Today's question: What can America offer the world that might make us a bit more appealing?
My puzzle—which I will ask you, dear reader, to help solve at the end of this column—is inspired in part by Karen Hughes' recent departure as the State Department's "public diplomat" (a job that she recently realized is impossible), but still more by Tom Stoppard's new play Rock 'n' Roll.
The play, which I saw the other night, is a brisk, moving, sometimes-enthralling piece of theater about a lot of things—romance, revolution, power, protest, ideology, the clash of individuals and systems (in short, the usual heady Stoppard brew)—but it's mainly about what the title suggests: rock 'n' roll.
It centers on a rock-loving, record-collecting Czech intellectual in the years between 1968 and 1990, a span of historic tumult: '68 was the year of the Prague Spring and the subsequent Soviet crackdown; '90 was the first full year of the Velvet Revolution—Vaclav Havel's rise to the presidency, Mikhail Gorbachev's withdrawal of troops, and the Rolling Stones' first-ever concert in Prague.
The play ends with our hero and his friends cheering wildly at the Stones concert, as if it—and not the crash of communism—marked the real revolution, and Stoppard's point is that, in a way, it did or that, anyway, the two were much the same thing.
Havel—celebrated playwright and essayist, leader of the Czech dissident movement in the '70s, one of the authors of the Charter 77 petition, jailed for many years as a result—was deeply affected by rock 'n' roll. (One of his first acts as president was to appoint Frank Zappa as an adviser on trade and tourism.)
A turning point in the dissidents' movement, and in Havel's own thinking, was the arrest in 1976 of a grungy Czech rock band called the Plastic People of the Universe (named after a Zappa song). Havel embraced the Plastics as spiritual brethren and denounced their arrest as "an attack by the totalitarian system on life itself, on the very essence of human freedom and integrity." Many of Havel's colleagues were initially puzzled; the Plastics weren't dissidents or even political—they were unruly, long-haired, and not very talented rockers.
There's a scene in Rock 'n' Roll where the protagonist, Jan (here personifying Havel's views), tells a skeptical dissident friend that the Plastics will have a deeper impact than any dissident, including Havel himself. Jan explains:
The policeman isn't frightened by dissidents. Why should he be? Policemen love dissidents, like the Inquisition loved heretics. Heretics give meaning to the defenders of the faith. Nobody cares more than a heretic. … It means they're playing on the same board. So [Gustav] Husak [the Communist Czech president] can relax; he's made the rules, it's his game. The population plays the other way, by agreeing to be bribed by places at university or an easy ride at work. They care enough to keep their thoughts to themselves; their haircuts give nothing away. But the Plastics don't care at all. They're unbribable. They're coming from somewhere else, from where the Muses come from. They're not heretics. They're pagans.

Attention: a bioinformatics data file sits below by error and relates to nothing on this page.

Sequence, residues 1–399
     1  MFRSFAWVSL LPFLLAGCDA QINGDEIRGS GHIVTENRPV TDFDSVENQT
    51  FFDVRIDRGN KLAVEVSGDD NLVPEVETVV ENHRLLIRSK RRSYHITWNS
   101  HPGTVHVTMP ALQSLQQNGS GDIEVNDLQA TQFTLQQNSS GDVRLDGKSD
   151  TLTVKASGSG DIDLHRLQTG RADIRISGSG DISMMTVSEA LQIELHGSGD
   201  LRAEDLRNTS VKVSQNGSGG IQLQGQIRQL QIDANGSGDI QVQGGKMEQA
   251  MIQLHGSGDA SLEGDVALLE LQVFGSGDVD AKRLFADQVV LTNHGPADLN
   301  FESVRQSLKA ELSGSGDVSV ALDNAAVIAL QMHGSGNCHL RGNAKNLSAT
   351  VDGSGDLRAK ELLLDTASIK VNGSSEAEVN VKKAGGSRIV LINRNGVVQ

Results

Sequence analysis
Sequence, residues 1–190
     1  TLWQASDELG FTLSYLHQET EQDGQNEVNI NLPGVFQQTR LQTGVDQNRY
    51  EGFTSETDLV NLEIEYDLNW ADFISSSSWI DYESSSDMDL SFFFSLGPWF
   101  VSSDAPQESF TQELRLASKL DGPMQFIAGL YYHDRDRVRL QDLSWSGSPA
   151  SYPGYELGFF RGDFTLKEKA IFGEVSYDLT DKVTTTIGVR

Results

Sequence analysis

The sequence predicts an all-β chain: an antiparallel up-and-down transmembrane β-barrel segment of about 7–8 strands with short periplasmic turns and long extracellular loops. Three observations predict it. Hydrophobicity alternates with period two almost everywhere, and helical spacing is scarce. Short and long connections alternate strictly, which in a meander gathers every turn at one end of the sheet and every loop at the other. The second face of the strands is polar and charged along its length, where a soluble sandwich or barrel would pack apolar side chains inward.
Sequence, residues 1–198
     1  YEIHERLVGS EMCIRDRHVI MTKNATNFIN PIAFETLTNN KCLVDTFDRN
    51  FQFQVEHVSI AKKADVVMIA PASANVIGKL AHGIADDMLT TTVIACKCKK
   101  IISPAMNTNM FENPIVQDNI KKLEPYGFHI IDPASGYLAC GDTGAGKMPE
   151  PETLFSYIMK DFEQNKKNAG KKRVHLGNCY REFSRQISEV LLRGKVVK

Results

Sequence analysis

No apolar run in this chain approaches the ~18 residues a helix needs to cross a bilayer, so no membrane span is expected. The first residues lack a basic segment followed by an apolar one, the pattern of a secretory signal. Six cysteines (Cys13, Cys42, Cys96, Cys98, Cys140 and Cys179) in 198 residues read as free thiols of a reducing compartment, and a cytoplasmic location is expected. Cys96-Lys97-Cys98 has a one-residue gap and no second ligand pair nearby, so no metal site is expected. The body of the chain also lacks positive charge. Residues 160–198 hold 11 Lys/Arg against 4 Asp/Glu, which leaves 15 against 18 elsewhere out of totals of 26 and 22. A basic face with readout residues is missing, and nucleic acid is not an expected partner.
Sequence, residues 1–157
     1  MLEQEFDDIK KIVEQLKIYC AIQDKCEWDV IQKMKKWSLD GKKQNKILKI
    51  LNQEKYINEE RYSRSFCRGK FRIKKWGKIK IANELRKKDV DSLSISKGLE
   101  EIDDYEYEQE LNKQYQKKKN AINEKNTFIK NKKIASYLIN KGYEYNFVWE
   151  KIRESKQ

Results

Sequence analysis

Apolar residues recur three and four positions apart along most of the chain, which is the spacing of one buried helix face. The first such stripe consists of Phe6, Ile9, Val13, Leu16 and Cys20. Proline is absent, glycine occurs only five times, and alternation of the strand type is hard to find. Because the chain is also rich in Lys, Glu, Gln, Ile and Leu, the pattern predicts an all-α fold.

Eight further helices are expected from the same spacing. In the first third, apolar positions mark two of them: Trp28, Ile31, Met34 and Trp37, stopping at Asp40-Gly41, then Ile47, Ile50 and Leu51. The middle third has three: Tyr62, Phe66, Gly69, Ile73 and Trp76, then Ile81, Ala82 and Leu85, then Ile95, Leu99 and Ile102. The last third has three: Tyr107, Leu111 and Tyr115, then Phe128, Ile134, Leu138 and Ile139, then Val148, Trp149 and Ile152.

That was—and, at its best, still is—the appeal of rock 'n' roll. It comes "from somewhere else." It's impervious to the power structure. It's playing on another game board.
In the West, the point might seem obvious, even clichéd. But in the totalitarian societies behind the Iron Curtain, such notions—and the music they reflected—were truly radical. There was no individual space. The clearest proof of this was the arrest of the Plastic People of the Universe, who posed no explicit threat to the regime other than choosing to ignore it. And the most thrilling thing about the collapse of the regime wasn't the exchange of one political system for another; it was the exuberance—the release from politics—that was allowed as a result of that change; it was, for example, the Rolling Stones playing a raucous concert on the Communists' former parade ground in Prague.
What inspired many of the Eastern bloc dissidents during the Cold War—what they found so alluring about the West—was not so much our market capitalism or parliamentary democracy; still less was it our government's policies. It was the insouciant freedom of our culture. It was our rock 'n' roll.
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